Every Student Succeeds Act (ESSA): An Intro

As I work over the coming months to provide research and analysis on New Mexico’s forthcoming Every Student Succeeds Act (ESSA) plan - due in April - I’m building up my own knowledge on the act, its genesis and likely impacts on The Land of Enchantment.

This of course is no easy task. The more I read and the more conversations I have the more obvious it becomes that ESSA is a Rorschach inkblot test of sorts. For every person who sees ESSA as an opportunity to improve upon education reforms NM has undertaken, there is another who views ESSA as the perfect chance to undo school grades, pull back teacher evaluation or abolish the Secretary of Education position.

The truth exists somewhere in between. We must do the hard work to both improve upon current reforms and work with educators, parents, students and business and community leaders to bring forth innovations representative of and rooted in our deep sense of cultural identity.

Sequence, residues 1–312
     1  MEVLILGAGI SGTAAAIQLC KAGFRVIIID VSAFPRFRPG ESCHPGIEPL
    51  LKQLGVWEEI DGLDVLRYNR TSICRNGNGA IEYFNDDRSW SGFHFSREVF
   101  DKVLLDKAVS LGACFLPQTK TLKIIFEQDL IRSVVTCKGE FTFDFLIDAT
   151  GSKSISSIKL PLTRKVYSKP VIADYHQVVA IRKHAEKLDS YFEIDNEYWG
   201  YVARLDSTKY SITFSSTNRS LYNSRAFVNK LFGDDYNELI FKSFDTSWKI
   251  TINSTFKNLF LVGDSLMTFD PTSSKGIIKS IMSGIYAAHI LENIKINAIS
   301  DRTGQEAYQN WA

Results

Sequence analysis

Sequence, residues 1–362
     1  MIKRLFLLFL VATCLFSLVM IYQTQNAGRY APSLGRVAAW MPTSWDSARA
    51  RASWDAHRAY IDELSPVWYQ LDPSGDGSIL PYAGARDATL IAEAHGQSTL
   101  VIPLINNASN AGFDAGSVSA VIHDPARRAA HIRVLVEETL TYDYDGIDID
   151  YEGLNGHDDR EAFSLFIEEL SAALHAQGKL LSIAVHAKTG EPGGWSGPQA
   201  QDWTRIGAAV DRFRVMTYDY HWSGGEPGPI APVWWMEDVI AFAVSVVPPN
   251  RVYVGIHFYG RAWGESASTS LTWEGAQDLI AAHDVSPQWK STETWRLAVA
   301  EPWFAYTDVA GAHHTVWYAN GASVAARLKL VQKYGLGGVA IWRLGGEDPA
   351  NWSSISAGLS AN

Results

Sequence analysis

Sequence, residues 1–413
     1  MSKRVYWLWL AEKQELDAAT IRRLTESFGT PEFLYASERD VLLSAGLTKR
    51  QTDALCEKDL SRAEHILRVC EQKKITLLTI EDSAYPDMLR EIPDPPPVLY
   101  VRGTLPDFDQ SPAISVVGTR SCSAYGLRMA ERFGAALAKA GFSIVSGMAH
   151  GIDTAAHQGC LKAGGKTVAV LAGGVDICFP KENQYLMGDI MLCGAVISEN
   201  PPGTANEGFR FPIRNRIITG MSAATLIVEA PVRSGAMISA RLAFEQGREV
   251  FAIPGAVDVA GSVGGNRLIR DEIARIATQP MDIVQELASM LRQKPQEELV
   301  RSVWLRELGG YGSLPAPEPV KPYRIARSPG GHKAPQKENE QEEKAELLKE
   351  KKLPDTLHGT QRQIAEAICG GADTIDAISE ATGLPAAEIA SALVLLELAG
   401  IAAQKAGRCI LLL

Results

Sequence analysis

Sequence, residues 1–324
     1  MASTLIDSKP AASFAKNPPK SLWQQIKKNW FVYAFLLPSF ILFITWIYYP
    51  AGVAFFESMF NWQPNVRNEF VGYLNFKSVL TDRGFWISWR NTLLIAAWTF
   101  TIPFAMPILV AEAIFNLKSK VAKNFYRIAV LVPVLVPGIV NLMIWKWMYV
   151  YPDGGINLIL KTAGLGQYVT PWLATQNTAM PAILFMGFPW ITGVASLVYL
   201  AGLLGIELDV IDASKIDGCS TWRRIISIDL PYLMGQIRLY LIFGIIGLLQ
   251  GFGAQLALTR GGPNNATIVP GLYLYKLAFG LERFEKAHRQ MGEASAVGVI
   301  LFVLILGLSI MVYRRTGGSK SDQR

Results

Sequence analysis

While there are hundreds upon hundreds of resources to better explain ESSA, I’ve found a recent series by the American Enterprise Institute to be particularly helpful. AEI has created a series of short briefs to provide high-level background information, as well as different perspectives on the law’s specifications and implications. Here are some key tidbits:

  • ESSA passed with broad bipartisan support and was signed into law by President Obama on December 10th, 2015
  • ESSA provides states more flexibility to set their own policy agendas
  • ESSA gives states significantly more autonomy to set policy on issues like teacher evaluation and school accountability/grades

Indeed the power is in our hands to shape New Mexico’s public education for a better tomorrow. Will we continue to look backwards? Or will we boldly reimagine what’s possible for our students and support them with 21st century educations?

As stated in the AEI brief, “Ultimately, ESSA’s ceiling depends on whether state and local leaders maintain the status quo or take advantage of the law’s flexibility to design solutions that best suit their schools and communities.”